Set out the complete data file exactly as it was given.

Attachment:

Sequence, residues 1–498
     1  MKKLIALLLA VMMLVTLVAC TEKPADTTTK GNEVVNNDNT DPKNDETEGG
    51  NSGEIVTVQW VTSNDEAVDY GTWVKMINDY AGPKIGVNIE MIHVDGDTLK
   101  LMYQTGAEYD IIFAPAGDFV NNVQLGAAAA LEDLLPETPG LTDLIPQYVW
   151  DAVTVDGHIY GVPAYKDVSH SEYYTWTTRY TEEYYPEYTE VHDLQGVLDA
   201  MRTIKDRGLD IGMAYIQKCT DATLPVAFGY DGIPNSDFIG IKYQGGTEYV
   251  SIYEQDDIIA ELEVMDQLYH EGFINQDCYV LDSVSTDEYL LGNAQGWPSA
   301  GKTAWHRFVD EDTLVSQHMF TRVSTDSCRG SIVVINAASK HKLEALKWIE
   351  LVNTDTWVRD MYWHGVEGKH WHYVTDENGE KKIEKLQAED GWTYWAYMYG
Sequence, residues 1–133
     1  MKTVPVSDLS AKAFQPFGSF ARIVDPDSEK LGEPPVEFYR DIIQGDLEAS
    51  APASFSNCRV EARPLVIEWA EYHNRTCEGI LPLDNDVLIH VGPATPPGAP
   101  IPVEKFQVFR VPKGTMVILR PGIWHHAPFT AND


Sequence, residues 1–498
     1  MKKLIALLLA VMMLVTLVAC TEKPADTTTK GNEVVNNDNT DPKNDETEGG
    51  NSGEIVTVQW VTSNDEAVDY GTWVKMINDY AGPKIGVNIE MIHVDGDTLK
   101  LMYQTGAEYD IIFAPAGDFV NNVQLGAAAA LEDLLPETPG LTDLIPQYVW
   151  DAVTVDGHIY GVPAYKDVSH SEYYTWTTRY TEEYYPEYTE VHDLQGVLDA
   201  MRTIKDRGLD IGMAYIQKCT DATLPVAFGY DGIPNSDFIG IKYQGGTEYV
   251  SIYEQDDIIA ELEVMDQLYH EGFINQDCYV LDSVSTDEYL LGNAQGWPSA
   301  GKTAWHRFVD EDTLVSQHMF TRVSTDSCRG SIVVINAASK HKLEALKWIE
   351  LVNTDTWVRD MYWHGVEGKH WHYVTDENGE KKIEKLQAED GWTYWAYMYG
Sequence, residues 1–133
     1  MKTVPVSDLS AKAFQPFGSF ARIVDPDSEK LGEPPVEFYR DIIQGDLEAS
    51  APASFSNCRV EARPLVIEWA EYHNRTCEGI LPLDNDVLIH VGPATPPGAP
   101  IPVEKFQVFR VPKGTMVILR PGIWHHAPFT AND